The order of the Appeal Board did not preclude petitioner from establishing any height and weight standards reasonably related to the job duties but in effect merely required petitioner to test and train candidates to ascertain whether they met the requisite skill and efficiency for the job. Indeed, the Appeal Board deleted the ordering provision of the Division of Human Rights which provided that '(Petitioner) shall for the next two swimming seasons . . . discontinue its height and weight requirements.' In the decision of the...

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13 practice notes
  • Smith v. Troyan, Nos. 73-2226
    • United States
    • United States Courts of Appeals. United States Court of Appeals (6th Circuit)
    • July 3, 1975
    ...on the basis of state statutes. See, e. g., New York State Div. of Human Rights v. New York City Dep't of Parks & Recreation, 38 A.D.2d 25, 326 N.Y.S.2d 640 (1971) (municipal lifeguard), New York State Div. of Human Rights v. New York-Pennsylvania Professional Baseball League, 36 A.D.2d......
  • In re Cohen, Bankruptcy No. 87-30122
    • United States
    • United States Bankruptcy Courts. Second Circuit. U.S. Bankruptcy Court — Southern District of New York
    • September 30, 1988
    ...were adopted with the intent to discriminate." State Division of Human Rights v. New York City Department of Parks and Recreation, 38 A.D.2d 25, 326 N.Y.S.2d 640, 642-43 (1971); CUNY-HosTOS Community College v. State Human Rights Appeal Board, 59 N.Y.2d 69, 463 N.Y.S.2d 173, 178-79, 44......
  • State Division of Human Rights on Complaint of Freeman v. Xerox Corp.
    • United States
    • New York Supreme Court Appellate Division
    • July 18, 1975
    ...N.Y.S.2d 788, affd. 29 N.Y.2d 921, 329 N.Y.S.2d 99, 279 N.E.2d 856; State Div. of Human Rights v. N.Y.C. Dept. of Parks & Recreation, 38 A.D.2d 25, 326 N.Y.S.2d 640 (involving arbitrary physical standards); Board of Educ. of Union Free School Dist. No. 2, East Williston, Town of North H......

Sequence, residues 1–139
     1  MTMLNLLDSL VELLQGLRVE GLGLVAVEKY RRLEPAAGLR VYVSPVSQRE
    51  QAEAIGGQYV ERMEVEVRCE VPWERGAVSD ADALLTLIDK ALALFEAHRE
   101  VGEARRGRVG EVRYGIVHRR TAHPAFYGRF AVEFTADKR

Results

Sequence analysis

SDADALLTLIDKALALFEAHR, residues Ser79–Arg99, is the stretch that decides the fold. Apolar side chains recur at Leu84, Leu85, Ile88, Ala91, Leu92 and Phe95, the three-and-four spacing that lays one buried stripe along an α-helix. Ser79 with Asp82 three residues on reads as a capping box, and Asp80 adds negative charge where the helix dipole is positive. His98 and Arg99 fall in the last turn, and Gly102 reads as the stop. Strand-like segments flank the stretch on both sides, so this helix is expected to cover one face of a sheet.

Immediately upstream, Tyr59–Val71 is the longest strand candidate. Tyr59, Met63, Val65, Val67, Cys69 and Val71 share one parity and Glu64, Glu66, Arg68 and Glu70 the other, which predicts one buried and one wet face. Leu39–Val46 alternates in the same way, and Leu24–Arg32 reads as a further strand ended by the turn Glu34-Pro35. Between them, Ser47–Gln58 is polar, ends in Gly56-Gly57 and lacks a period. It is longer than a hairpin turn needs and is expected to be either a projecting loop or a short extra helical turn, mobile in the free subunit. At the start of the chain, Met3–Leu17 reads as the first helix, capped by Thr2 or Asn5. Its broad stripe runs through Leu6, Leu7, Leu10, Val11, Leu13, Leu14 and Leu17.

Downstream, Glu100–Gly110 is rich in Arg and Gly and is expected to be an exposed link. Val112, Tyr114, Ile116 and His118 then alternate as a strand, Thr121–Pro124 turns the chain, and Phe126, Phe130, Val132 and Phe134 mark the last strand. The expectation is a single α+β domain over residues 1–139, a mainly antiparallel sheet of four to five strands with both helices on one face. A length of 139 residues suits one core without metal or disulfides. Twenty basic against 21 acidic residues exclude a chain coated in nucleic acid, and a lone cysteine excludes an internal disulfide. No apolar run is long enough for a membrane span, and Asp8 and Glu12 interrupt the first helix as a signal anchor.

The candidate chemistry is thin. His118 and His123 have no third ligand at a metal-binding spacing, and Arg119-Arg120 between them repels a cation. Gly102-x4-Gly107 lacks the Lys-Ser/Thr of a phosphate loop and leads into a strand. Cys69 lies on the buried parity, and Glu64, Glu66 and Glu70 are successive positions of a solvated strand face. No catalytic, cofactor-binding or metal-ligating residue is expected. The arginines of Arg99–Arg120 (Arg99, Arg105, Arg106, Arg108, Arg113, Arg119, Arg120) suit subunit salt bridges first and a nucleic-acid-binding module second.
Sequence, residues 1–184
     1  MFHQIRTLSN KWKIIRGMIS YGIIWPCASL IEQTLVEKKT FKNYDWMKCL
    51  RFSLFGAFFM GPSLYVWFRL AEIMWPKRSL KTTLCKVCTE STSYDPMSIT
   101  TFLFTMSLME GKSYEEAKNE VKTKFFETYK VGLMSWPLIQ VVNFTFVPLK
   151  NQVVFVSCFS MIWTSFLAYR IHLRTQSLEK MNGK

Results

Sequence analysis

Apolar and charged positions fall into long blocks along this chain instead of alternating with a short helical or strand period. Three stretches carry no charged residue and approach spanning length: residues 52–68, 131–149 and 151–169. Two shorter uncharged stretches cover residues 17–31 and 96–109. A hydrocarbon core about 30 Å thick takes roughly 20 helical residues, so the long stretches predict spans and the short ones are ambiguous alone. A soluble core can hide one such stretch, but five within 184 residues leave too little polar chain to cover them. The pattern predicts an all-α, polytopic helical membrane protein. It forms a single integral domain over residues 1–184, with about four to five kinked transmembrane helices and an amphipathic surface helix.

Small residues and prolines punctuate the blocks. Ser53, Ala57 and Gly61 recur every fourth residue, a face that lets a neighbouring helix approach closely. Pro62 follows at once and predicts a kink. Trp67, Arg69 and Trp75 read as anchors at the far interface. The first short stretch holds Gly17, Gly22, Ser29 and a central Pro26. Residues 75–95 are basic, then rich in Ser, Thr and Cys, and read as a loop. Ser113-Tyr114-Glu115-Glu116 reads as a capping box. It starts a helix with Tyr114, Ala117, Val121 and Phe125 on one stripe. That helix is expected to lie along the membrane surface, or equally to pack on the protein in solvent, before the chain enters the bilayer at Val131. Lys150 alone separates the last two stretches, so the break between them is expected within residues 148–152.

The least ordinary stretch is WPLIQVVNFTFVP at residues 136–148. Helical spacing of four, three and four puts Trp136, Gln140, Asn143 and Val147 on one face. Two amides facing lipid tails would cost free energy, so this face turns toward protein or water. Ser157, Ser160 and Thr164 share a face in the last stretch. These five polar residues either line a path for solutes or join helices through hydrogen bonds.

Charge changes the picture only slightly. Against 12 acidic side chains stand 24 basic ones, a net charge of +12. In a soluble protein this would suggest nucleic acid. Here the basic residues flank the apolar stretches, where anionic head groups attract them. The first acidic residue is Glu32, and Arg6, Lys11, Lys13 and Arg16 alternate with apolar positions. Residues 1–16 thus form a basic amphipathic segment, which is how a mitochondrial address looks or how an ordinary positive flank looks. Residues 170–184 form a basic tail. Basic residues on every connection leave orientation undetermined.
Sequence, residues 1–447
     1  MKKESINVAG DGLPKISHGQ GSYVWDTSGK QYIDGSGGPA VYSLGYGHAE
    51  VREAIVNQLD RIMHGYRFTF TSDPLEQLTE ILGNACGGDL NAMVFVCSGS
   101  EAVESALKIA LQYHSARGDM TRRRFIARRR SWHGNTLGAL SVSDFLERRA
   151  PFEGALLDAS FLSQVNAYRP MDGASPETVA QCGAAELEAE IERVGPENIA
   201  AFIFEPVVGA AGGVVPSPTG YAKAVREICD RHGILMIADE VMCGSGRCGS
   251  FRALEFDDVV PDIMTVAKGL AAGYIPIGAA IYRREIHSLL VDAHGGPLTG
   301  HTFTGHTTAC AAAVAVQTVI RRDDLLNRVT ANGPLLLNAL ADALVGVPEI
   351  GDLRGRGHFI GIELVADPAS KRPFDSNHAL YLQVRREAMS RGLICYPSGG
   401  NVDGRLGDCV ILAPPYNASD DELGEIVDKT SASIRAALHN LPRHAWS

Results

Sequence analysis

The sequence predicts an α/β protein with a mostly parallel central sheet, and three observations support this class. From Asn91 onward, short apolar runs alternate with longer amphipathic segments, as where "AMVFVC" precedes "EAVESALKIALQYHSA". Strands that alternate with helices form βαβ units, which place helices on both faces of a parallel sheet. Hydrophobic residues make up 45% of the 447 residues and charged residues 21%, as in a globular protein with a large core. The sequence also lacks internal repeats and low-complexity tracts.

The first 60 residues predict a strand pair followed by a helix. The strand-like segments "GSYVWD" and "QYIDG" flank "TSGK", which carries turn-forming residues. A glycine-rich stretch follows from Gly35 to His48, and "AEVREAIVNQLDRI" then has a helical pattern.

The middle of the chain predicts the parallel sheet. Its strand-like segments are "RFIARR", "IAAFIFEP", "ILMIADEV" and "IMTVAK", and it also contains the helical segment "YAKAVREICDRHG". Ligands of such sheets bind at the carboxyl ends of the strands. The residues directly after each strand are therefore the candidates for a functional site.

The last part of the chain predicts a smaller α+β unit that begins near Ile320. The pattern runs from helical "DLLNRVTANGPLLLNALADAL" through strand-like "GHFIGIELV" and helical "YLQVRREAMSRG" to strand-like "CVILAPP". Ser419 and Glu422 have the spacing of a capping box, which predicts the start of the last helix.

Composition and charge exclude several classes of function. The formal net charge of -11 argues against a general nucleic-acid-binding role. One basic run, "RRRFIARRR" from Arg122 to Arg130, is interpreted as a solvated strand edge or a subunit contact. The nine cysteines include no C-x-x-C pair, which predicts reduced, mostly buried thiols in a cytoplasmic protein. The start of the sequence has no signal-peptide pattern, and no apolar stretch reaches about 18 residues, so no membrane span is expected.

• Board of Ed. of Union Free School Dist. No. 2, East Williston, Town of North Hempstead, Nassau County v. New York State Division of Human Rights
    • United States
    • New York Supreme Court Appellate Division
    • June 25, 1973
    ...the exceptional treatment of the individual on the employer (State Div. of Human Rights v. New York City Dept. of Parks & Recreation, 38 A.D.2d 25, 28, 326 N.Y.S.2d 640, The true issue before us then is whether the petitioner's policy has a reasonable foundation in requiring a teacher t......
  • Request a trial to view additional results
13 cases
  • Smith v. Troyan, Nos. 73-2226
    • United States
    • United States Courts of Appeals. United States Court of Appeals (6th Circuit)
    • July 3, 1975
    ...on the basis of state statutes. See, e. g., New York State Div. of Human Rights v. New York City Dep't of Parks & Recreation, 38 A.D.2d 25, 326 N.Y.S.2d 640 (1971) (municipal lifeguard), New York State Div. of Human Rights v. New York-Pennsylvania Professional Baseball League, 36 A.D.2d......
  • In re Cohen, Bankruptcy No. 87-30122
    • United States
    • United States Bankruptcy Courts. Second Circuit. U.S. Bankruptcy Court — Southern District of New York
    • September 30, 1988
    ...were adopted with the intent to discriminate." State Division of Human Rights v. New York City Department of Parks and Recreation, 38 A.D.2d 25, 326 N.Y.S.2d 640, 642-43 (1971); CUNY-HosTOS Community College v. State Human Rights Appeal Board, 59 N.Y.2d 69, 463 N.Y.S.2d 173, 178-79, 44......
  • State Division of Human Rights on Complaint of Freeman v. Xerox Corp.
    • United States
    • New York Supreme Court Appellate Division
    • July 18, 1975
    ...N.Y.S.2d 788, affd. 29 N.Y.2d 921, 329 N.Y.S.2d 99, 279 N.E.2d 856; State Div. of Human Rights v. N.Y.C. Dept. of Parks & Recreation, 38 A.D.2d 25, 326 N.Y.S.2d 640 (involving arbitrary physical standards); Board of Educ. of Union Free School Dist. No. 2, East Williston, Town of North H......
  • Board of Ed. of Union Free School Dist. No. 2, East Williston, Town of North Hempstead, Nassau County v. New York State Division of Human Rights
    • United States
    • New York Supreme Court Appellate Division
    • June 25, 1973
    ...the exceptional treatment of the individual on the employer (State Div. of Human Rights v. New York City Dept. of Parks & Recreation, 38 A.D.2d 25, 28, 326 N.Y.S.2d 640, The true issue before us then is whether the petitioner's policy has a reasonable foundation in requiring a teacher t......
  • Request a trial to view additional results